The primary end point of this study was the change in total inflammatory lesion count (TILC)12,13 between the first and final study visits. Secondary end points included (1) changes in acne severity according to 3 other assessment measures, frontal inflammatory lesion count (FILC), Burke and Cunliffe Leeds technique (Leeds),14 and forced choice; (2) subject and dermatologist satisfaction with care; and (3) subject and dermatologist time required to complete a visit.

Two raters were trained to carry out all acne assessment measures on the digital images. Raters were blinded to the treatment assignation of the subject and the visit number. The same rater was assigned all images for a particular subject.

Subject and provider satisfaction were assessed by surveys administered at the final visit. Some questions had been previously validated,8 whereas others were specifically designed for this study.

Time taken to complete visits was assessed by examining a random selection of 30 of each type of visit. At office visits a member of the research team used a stopwatch to record the length of time between the subject arriving at and leaving the clinic. The length of contact time with the physician was also recorded. E-visit timing was assessed by dermatologists themselves using a stopwatch.

SAMPLE SIZE

This was an equivalency trial evaluating any difference in the change in lesion counts between first and last visits across the 2 arms of the study. A difference of 10 lesions or more was considered clinically significant. To have 80% power to detect such a difference, assuming standard deviation (SD) of 20, a type 1 error level of .05, and a dropout rate of 25%, a total sample size of 151 subjects was required.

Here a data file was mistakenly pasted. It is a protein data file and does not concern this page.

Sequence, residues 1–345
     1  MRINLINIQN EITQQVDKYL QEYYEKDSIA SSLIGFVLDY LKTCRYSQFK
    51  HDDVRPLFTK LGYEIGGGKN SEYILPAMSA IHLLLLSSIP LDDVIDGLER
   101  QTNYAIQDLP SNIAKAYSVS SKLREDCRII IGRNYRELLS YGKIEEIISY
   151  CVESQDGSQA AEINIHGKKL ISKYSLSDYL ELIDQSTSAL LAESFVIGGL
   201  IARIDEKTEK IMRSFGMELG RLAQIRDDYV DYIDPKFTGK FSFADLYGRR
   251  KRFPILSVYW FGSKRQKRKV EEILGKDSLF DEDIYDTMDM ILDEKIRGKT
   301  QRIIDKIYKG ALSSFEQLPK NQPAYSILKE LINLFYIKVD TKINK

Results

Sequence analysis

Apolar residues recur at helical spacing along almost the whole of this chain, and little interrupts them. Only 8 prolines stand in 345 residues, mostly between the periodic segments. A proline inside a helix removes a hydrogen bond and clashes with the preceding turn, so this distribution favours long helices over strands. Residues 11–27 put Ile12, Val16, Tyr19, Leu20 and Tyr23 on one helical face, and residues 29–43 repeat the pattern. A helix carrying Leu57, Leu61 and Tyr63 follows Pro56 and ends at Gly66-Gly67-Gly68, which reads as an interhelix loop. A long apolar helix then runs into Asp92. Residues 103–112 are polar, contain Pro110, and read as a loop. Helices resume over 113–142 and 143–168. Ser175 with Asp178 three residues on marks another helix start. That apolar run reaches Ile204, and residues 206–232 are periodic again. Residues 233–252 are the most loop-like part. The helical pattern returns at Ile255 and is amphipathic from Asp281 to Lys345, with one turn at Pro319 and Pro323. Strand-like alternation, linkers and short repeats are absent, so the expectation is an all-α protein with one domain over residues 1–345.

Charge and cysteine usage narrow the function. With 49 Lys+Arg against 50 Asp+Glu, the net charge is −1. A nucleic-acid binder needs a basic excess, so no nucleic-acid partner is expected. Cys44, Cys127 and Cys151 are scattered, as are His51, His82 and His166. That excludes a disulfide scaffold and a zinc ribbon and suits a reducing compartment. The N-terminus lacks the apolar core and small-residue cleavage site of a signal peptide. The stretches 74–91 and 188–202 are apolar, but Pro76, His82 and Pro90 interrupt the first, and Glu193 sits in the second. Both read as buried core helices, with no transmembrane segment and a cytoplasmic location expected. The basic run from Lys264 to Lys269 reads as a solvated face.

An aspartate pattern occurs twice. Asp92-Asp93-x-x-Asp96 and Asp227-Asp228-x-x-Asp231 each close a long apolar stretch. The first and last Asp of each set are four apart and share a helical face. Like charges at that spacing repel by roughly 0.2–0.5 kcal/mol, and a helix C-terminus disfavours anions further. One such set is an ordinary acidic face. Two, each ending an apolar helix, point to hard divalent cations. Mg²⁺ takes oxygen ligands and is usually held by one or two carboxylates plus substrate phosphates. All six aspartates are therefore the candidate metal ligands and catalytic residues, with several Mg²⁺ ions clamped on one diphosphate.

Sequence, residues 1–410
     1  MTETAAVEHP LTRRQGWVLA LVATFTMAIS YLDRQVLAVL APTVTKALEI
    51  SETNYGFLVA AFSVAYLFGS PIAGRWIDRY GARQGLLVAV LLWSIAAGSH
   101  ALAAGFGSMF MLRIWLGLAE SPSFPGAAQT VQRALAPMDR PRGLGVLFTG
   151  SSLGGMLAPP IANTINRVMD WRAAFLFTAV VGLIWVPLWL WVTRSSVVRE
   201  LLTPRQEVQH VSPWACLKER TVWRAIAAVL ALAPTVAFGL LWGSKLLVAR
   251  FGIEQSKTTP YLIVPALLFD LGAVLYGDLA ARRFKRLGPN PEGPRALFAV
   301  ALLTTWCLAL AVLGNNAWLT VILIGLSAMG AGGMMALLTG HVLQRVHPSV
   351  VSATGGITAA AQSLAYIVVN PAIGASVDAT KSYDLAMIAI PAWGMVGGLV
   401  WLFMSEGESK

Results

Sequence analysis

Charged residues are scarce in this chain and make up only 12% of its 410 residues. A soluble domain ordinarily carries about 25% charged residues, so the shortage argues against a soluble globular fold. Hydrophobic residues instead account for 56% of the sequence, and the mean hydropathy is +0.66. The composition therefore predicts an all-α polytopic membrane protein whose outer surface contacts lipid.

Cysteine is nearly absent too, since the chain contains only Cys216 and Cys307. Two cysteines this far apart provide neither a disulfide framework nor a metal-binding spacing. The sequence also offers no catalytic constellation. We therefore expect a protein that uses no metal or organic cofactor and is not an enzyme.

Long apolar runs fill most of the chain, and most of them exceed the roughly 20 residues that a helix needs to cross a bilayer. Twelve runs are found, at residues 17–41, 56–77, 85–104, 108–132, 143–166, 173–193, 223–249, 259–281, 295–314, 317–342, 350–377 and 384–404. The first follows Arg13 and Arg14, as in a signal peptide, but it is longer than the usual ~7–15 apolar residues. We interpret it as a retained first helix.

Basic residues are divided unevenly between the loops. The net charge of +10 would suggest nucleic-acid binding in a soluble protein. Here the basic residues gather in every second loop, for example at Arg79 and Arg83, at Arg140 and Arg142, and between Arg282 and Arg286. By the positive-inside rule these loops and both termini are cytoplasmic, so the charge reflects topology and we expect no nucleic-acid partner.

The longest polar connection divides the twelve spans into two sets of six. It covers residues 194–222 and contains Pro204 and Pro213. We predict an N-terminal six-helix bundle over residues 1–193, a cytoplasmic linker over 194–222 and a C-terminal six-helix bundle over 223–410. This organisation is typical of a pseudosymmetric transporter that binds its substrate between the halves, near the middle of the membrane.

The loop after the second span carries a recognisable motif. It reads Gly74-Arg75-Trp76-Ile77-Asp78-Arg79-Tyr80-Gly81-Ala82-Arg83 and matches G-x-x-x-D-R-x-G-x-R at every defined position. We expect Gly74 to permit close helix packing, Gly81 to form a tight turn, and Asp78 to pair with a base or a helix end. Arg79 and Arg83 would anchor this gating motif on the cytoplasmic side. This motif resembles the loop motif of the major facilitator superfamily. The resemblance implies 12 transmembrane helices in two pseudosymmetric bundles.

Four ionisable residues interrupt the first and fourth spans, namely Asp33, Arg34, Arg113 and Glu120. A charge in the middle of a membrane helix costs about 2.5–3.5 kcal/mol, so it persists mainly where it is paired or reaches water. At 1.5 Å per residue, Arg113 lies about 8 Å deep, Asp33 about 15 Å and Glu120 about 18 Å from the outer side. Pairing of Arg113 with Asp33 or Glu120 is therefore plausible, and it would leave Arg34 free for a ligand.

RANDOMIZATION

Following initial assessment and consent, subjects were assigned to the control or intervention arm at a 1:1 ratio on the basis of random number generation. Owing to the nature of the intervention, study staff, dermatologists, and subjects were not blinded to group assignation over the course of the study.

STATISTICAL ANALYSIS

Continuous outcomes between groups were compared using the t test (for normally distributed outcomes) and the Wilcoxon rank-sum test (for nonnormally distributed outcomes and rank measures). Differences in proportions between groups were compared by using χ2 tests or Fisher exact tests when appropriate. All calculations were performed with SAS software, version 9.1 (SAS Institute Inc, Cary, North Carolina). A 2-sided P value of .05 was considered statistically significant. Average values are represented as means (SDs).

PATIENT DEMOGRAPHICS

A total of 151 subjects were enrolled, of whom 121 completed the study (80%) (Figure 2). Baseline demographic information is summarized in Table 1. The difference in dropout rate between the intervention and control groups was significant (P = .03), but there were no significant differences in demographics or baseline self-reported acne severity between subjects who completed and those who did not complete the trial.

Place holder to copy figure label and caption
Figure 2.

Flow diagram of subject progress through the randomized controlled trial. Intervention refers to the e-visit group and control refers to the traditional office visit group. BCBS indicates Blue Cross Blue Shield of Massachusetts

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CLINICAL OUTCOMES